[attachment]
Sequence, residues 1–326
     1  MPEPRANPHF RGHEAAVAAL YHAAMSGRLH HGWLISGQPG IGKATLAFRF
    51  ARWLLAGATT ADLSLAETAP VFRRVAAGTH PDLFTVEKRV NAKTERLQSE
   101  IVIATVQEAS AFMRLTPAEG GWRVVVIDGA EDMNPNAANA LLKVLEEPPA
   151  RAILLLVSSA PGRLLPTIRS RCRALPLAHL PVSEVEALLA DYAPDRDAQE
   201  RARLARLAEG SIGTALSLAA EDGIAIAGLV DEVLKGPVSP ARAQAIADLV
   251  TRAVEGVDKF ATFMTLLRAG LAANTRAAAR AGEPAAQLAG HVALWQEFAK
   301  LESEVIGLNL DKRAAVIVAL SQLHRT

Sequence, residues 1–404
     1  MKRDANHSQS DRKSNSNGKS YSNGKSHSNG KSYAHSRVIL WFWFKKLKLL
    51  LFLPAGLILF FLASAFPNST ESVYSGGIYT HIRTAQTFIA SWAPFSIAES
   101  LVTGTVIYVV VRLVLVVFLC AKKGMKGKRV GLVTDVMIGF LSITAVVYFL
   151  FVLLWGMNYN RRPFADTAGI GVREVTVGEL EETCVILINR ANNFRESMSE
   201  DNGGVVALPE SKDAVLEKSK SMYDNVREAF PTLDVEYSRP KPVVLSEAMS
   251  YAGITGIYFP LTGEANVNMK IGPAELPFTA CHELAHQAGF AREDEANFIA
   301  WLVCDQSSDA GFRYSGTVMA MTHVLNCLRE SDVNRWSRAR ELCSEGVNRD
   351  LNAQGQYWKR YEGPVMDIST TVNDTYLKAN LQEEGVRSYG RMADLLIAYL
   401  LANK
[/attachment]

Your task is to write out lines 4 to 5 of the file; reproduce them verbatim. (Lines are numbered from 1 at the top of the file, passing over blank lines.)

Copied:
   101  IVIATVQEAS AFMRLTPAEG GWRVVVIDGA EDMNPNAANA LLKVLEEPPA
   151  RAILLLVSSA PGRLLPTIRS RCRALPLAHL PVSEVEALLA DYAPDRDAQE